What is a tongue tie?
Tongue tie is when movement of the tongue is restricted by an unusually thickened, tightened, or shortened frenum (the stringy tissue under the tongue). This can affect feeding, dental health and speech.
A tongue tie is not always identified at birth. Often the first sign of a problem is when the baby has difficulty latching on to the nipple when breastfeeding. Bottle feeding is rarely a problem.
Impact on speech sounds
A tongue tie does not necessarily cause speech problems, but difficulty with co-ordination of tongue movements can cause unclear speech, especially when children start putting words together in sentences. Difficulty with ‘l’ is also common. However, there is no direct link between the severity of a tongue tie and speech difficulties and any such problems may be for other reasons.
Treating tongue tie
A tongue tie can be released (cut) from birth by a surgeon specialising in mouth and jaw problems. However, the surgeon needs to be sure that the tongue tie is causing problems. Poor latching whilst breastfeeding, for example, can be due to other factors such as positioning. You should first seek advice from a breastfeeding consultant or health visitor.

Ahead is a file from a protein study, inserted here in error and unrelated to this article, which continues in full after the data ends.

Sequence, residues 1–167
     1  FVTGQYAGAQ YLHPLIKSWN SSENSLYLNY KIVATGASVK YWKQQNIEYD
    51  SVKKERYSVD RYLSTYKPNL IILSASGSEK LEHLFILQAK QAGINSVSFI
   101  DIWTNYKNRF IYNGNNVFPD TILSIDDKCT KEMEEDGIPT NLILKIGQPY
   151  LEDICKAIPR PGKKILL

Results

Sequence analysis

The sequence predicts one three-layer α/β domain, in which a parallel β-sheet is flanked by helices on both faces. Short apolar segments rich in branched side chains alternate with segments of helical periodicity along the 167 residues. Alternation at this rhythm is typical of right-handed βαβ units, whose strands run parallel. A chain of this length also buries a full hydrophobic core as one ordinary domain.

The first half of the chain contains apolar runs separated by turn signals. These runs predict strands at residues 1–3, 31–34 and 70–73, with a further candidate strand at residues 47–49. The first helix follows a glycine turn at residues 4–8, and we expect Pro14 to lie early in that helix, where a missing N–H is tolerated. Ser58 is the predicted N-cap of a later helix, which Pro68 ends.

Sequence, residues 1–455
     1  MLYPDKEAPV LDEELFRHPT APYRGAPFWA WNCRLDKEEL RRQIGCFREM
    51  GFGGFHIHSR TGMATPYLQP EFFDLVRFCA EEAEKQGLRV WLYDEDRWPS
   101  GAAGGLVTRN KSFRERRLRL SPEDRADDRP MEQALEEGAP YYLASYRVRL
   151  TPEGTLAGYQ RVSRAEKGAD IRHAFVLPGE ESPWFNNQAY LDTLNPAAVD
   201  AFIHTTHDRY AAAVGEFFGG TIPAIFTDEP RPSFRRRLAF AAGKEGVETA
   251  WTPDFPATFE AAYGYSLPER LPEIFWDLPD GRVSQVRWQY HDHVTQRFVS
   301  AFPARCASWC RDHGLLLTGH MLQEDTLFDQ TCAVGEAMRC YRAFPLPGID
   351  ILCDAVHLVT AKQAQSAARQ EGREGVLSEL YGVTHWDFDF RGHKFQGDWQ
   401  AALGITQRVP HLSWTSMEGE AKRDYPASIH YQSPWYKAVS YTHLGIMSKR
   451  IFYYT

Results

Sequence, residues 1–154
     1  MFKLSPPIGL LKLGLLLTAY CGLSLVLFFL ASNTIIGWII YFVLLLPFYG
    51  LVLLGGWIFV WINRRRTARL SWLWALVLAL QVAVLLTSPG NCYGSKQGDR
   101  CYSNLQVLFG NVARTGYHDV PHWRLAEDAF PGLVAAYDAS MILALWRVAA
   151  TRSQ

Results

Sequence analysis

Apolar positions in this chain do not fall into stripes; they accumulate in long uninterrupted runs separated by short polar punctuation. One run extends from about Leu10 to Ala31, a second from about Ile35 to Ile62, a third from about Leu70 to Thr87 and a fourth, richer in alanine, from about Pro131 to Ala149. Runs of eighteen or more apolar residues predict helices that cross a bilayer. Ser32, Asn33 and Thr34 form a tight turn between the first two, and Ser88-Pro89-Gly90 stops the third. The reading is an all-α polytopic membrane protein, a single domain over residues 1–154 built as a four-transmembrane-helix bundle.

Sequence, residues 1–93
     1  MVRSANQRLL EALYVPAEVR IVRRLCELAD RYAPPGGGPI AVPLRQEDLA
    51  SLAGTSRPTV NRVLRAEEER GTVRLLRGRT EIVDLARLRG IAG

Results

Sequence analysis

An older child with speech difficulties will require assessment by a speech and language therapist before being referred for this treatment. A dentist may be the first person to identify a tongue tie and can also refer for surgery. Tongue strengthening exercises may be needed after surgery.
Very young babies can have the tongue tie cut without anaesthetic. This is a quick and painless procedure, which is over in seconds. Older babies and children will need a short general anaesthetic, which is not usually advisable until the child is at least two years old. Occasionally, if the frenum is very thin and elastic, it will break and stretch by itself.
For further information and advice, visit: www.nhs.uk/conditions/tongue-tie and www.cambscommunityservices.nhs.uk/docs/default-source/Beds—SLT/0528—tongue-tie.pdf?sfvrsn=2